The cylinder was nitrous oxide and it was on the floor and you worked it with your foot on the pedal… I was taught by the chap who’d learnt it the week before. The instructions were ‘Give him pure nitrous oxide till his ears look blue. Then you give two breaths of air and then you go onto a three to one. If he starts jerking, give him a bit more air.’ No oxygen, air. And I eventually got quite good at this.
Because we did see quite a bit of anaesthetics given in the main theatres, almost invariably they were inhalational inductions. The Senior Resident was a chap called Murtheh. He’d did intravenous inductions. Thiopentone then was 5%. It was reduced to 2.5% by the manufacturers in the early fifties I think, largely because of local extravasation.
The technique was that you gave the thiopentone till the patient was unconscious. Then you gave the same dose again straight off, which stopped them breathing of course. You then put them onto gas, oxygen and ether and you just hoped that when they started breathing they didn’t go into laryngeal spasms! Quite often they did. And also I did wonder, although I knew nothing about anaesthetics, it seemed to me a slightly crackers sort of way to go about things. But everybody else did inhalation inductions and there was a chap called Dr Hassle, and he would start off with ethyl chloride and open ether always on a Schimmelbusch type mask put his hand in his pocket and he’d pull out a little bottle of chloroform and he’d look around and say, ‘Don’t tell anybody you’ve seen this.’ So he was giving a sort of combined ether/chloroform type of anaesthetic. And seemed to go alright. He was very … much trusted by the surgeons. They said he never flapped and he was a good steady pair of hands.
We had closed circuit. There was a separate outfit, there was an American neurosurgeon who had his own unit in one of the wards in the Queen Elizabeth, and he had a woman called Marion Green who did all the neurosurgical anaesthesia, so we didn’t really get very far into that so I don’t know what sort of techniques she was using. But I do remember the Coxeter-Mushin absorber coming out with the fluorescent knobs so you could see it in the dark if the light failed!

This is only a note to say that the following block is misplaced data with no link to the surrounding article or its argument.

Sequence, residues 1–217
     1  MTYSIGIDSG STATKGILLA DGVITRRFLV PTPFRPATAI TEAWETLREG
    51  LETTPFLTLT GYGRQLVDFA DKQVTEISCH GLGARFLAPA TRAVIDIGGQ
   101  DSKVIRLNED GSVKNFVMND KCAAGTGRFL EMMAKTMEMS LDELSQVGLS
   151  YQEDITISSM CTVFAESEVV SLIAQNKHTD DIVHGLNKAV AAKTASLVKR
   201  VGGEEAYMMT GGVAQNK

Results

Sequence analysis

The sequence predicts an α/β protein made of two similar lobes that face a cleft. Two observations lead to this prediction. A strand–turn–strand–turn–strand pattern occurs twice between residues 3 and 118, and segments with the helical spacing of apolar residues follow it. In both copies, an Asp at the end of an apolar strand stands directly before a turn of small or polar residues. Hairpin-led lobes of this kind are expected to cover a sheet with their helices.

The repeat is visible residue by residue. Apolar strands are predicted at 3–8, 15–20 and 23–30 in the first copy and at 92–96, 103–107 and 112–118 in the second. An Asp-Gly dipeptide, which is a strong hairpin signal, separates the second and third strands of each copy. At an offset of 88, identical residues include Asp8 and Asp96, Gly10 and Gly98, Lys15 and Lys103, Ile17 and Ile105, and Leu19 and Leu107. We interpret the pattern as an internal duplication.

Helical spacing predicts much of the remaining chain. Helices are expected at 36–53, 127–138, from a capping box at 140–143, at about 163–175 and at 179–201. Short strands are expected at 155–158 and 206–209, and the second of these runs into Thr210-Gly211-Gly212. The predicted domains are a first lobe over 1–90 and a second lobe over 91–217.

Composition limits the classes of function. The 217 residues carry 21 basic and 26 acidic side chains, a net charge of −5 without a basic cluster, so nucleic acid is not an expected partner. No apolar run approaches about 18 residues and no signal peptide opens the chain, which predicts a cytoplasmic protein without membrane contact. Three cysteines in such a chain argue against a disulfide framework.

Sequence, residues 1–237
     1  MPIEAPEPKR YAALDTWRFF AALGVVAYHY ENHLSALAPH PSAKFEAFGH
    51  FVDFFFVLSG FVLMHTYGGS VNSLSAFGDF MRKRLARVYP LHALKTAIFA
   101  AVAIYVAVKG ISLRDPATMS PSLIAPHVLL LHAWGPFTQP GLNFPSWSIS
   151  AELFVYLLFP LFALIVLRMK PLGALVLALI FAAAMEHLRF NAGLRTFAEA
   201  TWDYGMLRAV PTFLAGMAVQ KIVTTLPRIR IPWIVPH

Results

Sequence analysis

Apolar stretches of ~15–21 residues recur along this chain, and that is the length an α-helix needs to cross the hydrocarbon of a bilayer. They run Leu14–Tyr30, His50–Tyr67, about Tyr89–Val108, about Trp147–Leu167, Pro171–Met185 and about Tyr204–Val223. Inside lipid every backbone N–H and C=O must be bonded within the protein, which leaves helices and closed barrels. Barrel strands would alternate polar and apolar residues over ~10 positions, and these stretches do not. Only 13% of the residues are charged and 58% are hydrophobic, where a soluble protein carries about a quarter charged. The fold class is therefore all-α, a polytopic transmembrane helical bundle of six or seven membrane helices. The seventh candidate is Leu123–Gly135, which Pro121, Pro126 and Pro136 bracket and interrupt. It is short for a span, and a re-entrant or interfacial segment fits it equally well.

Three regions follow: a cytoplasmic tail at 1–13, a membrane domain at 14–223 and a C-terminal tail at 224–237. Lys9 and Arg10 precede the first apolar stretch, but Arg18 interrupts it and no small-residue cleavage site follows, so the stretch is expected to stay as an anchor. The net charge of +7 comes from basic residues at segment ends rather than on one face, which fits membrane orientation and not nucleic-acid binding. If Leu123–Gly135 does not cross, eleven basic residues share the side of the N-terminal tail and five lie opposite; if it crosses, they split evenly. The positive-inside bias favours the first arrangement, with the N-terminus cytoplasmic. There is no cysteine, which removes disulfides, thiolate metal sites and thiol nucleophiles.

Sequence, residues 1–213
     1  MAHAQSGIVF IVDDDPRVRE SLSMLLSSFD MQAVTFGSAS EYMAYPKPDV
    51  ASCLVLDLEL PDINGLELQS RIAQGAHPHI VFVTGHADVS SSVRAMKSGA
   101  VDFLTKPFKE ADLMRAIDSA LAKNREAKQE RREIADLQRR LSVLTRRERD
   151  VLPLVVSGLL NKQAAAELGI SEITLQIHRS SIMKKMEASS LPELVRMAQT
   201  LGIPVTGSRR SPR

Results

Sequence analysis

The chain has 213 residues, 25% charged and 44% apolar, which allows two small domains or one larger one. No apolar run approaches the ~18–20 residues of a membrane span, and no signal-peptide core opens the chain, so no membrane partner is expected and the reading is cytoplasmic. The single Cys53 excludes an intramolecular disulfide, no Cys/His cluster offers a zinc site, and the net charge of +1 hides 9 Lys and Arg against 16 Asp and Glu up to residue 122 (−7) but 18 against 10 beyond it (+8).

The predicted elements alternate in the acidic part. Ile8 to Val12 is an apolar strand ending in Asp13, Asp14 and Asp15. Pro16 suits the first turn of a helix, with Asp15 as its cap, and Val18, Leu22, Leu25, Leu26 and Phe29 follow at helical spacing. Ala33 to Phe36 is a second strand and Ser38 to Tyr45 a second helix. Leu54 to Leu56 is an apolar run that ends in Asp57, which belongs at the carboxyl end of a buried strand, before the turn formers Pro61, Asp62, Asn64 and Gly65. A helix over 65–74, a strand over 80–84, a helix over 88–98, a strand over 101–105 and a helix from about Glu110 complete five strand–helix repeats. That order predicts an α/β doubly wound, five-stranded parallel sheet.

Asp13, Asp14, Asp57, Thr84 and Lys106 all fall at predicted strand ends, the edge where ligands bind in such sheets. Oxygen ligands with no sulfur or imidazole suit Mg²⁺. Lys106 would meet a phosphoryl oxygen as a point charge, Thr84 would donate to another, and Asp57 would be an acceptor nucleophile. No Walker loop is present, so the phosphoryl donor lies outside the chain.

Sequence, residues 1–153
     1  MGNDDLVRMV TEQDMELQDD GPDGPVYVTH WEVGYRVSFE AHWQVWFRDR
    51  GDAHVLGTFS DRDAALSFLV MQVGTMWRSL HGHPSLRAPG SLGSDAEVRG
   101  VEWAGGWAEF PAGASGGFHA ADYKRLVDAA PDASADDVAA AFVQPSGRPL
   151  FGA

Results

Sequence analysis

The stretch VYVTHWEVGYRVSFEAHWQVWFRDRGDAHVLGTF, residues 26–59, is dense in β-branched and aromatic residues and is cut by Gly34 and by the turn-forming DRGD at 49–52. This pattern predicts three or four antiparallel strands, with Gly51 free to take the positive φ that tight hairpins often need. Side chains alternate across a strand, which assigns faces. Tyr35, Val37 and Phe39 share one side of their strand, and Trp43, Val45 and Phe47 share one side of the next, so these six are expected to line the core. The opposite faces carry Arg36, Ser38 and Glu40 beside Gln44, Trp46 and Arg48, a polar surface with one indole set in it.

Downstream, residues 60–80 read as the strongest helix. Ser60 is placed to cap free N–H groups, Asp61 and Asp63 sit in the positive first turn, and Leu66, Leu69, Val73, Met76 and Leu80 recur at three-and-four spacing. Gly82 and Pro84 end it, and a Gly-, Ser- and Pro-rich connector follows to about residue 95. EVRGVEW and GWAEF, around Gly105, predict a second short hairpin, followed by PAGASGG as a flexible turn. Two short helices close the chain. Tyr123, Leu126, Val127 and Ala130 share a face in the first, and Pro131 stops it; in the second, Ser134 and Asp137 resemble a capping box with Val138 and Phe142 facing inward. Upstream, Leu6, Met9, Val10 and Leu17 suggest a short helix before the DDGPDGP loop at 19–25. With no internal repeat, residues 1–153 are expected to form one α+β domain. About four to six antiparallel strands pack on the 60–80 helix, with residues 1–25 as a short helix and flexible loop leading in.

I have vivid memories of watching some chap sitting at the end of the table half asleep and thinking to myself, ‘Who would want to spend the rest of their life doing that?’ Having gone through the whole of medical training. I enjoyed it, once I’d got the grasp of the techniques. You felt that you were doing something useful that maybe other people weren’t and you were in a way part of a team.
Developments in Anaesthesia
Some things were incredibly primitive. I remember the first blood transfusion I ever saw was a large funnel-shaped glass container, open at the top, red rubber tube connected to the bottom of it which went into … in those days nearly all the drips were what were called cut-downs, you cut down onto the vein, you put in the cannula, could be either glass or metal and tied it in; and as the level of BP got lowered somebody tipped a bottle of blood in … and it was covered with a bit of gauze. Well after that, we gradually we got red rubber proper giving sets with rubber tubing. The received wisdom was that you couldn’t keep the system sterile for more than say 24-36 hours because patients invariably developed phlebitis. And so one was encouraged to change the site, perhaps every day or whatever. And then when the plastic giving sets came in they discovered that the patients didn’t get phlebitis once! And what was happening was that the plasticiser or something was being leached out of the red rubber tubing, which was causing…sulphur probably.